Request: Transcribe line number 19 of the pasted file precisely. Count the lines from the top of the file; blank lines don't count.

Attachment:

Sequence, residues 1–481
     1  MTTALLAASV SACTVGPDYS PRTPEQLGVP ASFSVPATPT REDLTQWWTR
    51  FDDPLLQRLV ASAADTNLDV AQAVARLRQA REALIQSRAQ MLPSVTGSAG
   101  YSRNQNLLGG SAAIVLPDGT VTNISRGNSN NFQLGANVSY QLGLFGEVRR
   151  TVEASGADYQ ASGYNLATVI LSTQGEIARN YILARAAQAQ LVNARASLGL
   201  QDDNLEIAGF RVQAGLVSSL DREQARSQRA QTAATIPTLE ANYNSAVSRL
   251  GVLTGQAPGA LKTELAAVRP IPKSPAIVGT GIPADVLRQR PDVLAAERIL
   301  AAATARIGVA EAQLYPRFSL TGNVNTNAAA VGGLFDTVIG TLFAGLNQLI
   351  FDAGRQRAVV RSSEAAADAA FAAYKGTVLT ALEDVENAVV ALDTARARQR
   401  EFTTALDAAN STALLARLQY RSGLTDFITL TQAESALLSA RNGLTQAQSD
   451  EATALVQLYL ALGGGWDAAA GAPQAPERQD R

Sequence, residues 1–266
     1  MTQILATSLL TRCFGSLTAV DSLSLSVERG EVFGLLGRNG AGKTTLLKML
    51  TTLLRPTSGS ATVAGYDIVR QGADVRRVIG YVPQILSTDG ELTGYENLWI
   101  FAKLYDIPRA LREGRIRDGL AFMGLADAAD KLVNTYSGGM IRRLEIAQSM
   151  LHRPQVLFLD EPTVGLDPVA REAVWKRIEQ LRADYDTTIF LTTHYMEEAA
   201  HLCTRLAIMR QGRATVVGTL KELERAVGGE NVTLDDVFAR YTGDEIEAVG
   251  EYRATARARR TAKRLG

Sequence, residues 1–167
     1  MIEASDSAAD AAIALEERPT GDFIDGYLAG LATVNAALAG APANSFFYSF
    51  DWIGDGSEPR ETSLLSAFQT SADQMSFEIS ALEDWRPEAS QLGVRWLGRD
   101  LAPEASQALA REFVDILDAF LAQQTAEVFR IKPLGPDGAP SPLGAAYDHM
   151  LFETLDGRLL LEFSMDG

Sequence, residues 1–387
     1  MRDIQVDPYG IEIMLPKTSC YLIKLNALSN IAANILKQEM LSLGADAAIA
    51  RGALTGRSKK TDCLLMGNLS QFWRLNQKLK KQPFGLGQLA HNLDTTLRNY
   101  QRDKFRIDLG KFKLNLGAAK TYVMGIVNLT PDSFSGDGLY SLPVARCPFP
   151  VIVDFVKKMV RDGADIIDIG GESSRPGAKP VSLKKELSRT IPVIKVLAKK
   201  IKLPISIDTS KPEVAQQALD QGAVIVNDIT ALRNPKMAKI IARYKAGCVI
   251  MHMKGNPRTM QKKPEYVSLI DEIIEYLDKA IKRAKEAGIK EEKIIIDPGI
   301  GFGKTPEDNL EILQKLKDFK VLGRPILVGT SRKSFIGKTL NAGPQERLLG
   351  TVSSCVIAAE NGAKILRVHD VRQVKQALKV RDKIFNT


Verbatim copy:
Sequence, residues 1–167